The Board of Control for Cricket in India's (BCCI) long-standing dispute with the high-powered Lodha Committee is likely to come to a conclusion on Thursday, when the matter's final hearing is heard in the Supreme Court. The court's verdict could potentially determine the future of cricket in the country.
The previous hearings in the Supreme Court have gone against the BCCI, with the judges not taking a sympathetic view of the board's functioning. On 28 September, the court had given the BCCI an ultimatum to adhere to the Lodha panel's recommendations for the overhaul of Indian cricket, and that the court "knew how to get its orders implemented".
Chief Justice of India (CJI) TS Thakur, who heads the Supreme Court bench that appointed the Lodha Committee, gave the BCCI one week to get its house in order. Thursday will be the first time BCCI has got a chance to present its case in court since that hearing.
"BCCI thinks it is a law unto itself. We know how to get our orders implemented. BCCI thinks it is the lord. You (BCCI) better fall in line or we will make you fall in line. The conduct of the BCCI is in poor taste," Justice Thakur was quoted as saying after the 28 September hearing.
Senior advocate Arvind Datar appearing for the BCCI said they have complied with most of the directions and would gradually comply with the rest. To this, the bench had said, "The law needs not to be defied. We are not happy about things going on. We anticipated this approach from BCCI but this is not done. You will have to fall in line with the directions of the court."
BCCI's subsequent SGM
But if one felt the BCCI would buckle down and keep a low profile following the censure, one couldn't have been more mistaken. Three days after the SC hearing, the BCCI held its Special General Meeting (SGM), where it rejected most of the Lodha Committee's recommendations. BCCI president Anurag Thakur remained defiant on Saturday following the SGM, saying it was "up to members of the board to accept or reject the Lodha Committee's suggestions".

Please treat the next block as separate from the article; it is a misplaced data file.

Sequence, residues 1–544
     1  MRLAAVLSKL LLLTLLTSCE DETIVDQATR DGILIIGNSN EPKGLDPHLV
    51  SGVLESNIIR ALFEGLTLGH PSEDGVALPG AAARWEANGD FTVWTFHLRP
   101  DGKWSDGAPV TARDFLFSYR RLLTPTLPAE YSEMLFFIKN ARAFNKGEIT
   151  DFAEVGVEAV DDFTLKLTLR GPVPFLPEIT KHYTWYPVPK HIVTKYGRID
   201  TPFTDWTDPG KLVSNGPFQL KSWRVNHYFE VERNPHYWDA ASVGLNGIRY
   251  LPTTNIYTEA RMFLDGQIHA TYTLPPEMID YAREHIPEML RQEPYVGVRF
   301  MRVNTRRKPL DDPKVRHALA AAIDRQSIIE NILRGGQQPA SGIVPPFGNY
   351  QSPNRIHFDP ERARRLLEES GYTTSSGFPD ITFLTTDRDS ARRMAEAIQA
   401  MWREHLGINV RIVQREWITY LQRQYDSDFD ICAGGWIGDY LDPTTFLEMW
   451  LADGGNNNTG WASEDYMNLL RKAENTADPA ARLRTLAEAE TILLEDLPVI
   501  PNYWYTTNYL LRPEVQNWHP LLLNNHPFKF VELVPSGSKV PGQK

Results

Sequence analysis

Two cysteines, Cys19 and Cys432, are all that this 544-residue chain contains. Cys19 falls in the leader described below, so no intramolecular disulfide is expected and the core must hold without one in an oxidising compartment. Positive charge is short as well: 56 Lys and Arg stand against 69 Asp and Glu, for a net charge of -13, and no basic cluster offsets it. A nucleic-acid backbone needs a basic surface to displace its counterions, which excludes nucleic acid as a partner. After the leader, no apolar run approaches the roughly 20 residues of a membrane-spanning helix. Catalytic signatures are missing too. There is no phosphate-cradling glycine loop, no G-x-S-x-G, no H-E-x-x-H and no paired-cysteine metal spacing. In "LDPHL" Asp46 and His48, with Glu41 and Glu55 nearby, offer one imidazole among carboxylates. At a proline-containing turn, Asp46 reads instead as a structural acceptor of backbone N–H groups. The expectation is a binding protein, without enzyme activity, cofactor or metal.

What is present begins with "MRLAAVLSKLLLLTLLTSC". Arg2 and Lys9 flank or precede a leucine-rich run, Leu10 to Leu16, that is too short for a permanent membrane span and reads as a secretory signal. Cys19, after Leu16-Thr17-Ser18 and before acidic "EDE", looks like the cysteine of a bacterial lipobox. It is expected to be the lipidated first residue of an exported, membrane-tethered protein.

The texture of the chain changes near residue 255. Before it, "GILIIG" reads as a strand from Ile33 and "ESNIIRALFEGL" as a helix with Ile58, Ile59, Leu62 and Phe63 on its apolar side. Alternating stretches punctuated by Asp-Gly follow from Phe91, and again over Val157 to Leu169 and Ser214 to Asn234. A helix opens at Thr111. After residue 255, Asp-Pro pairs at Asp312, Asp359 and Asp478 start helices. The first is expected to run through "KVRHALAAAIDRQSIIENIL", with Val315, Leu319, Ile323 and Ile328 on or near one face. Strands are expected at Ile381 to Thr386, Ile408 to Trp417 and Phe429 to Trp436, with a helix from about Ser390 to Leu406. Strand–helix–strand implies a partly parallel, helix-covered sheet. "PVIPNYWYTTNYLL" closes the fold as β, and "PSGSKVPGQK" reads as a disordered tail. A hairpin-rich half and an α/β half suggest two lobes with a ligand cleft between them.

"Many significant recommendations of Lodha Committee were accepted by BCCI members," said Thakur, but those which the members felt there would be legal challenges or practical difficulties have not been accepted. "We have invited the members to adopt the Lodha Committee recommendations and the members have given their viewpoints and what they feel of the recommendations. A detailed report will be submitted to the Supreme Court and will be sent to the Lodha Committee, also what the members felt and why they have accepted (some recommendations) and not accepted (some others)," he added.
Rejection of recommendations
Setting the stage for the next round of confrontations with the Supreme Court, the Board had rejected key recommendations of the Lodha Committee, like one-state one-vote, a maximum age limit of 70 years and a cooling-off period of three years. They have also not accepted the recommendation on the selection panel, which called for three selectors, instead of five, and with Test experience. However, they did accept a few significant recommendations, including induction of the representative of the Comptroller and Auditor General (CAG) as a member of the Apex Council as well as the IPL Governing Council, and the formation of the Apex Council with certain modifications.
With the BCCI not content to play ball, the Lodha panel had asked banks to stop the board's disbursements, effectively ensuring the decisions taken at the SGM will not be executed. This led to a frenzied day of accusations and clarifications, with the BCCI initially threatening to cancel the ongoing Test series against New Zealand, and Justice RM Lodha saying funds for routine matters and day-to-day expenditures will not be affected by the court's decision.
On Wednesday, one day before the Supreme Court hearing, the BCCI said it was still "confused" about the kind of payments that can be made from the two bank accounts which had come under the scanner of the Supreme Court-appointed panel, adding that they will wait for the judgment to come in to get clarity about the issue.
The Board has also roped in senior lawyer and former MP Kapil Sibal to counsel it about the legalese involved. If the Supreme Court accepts the Lodha Committee's recommendations again, it could well mean the board's top officials are all removed and replaced by a panel of court-appointed overseers.
With inputs from agenices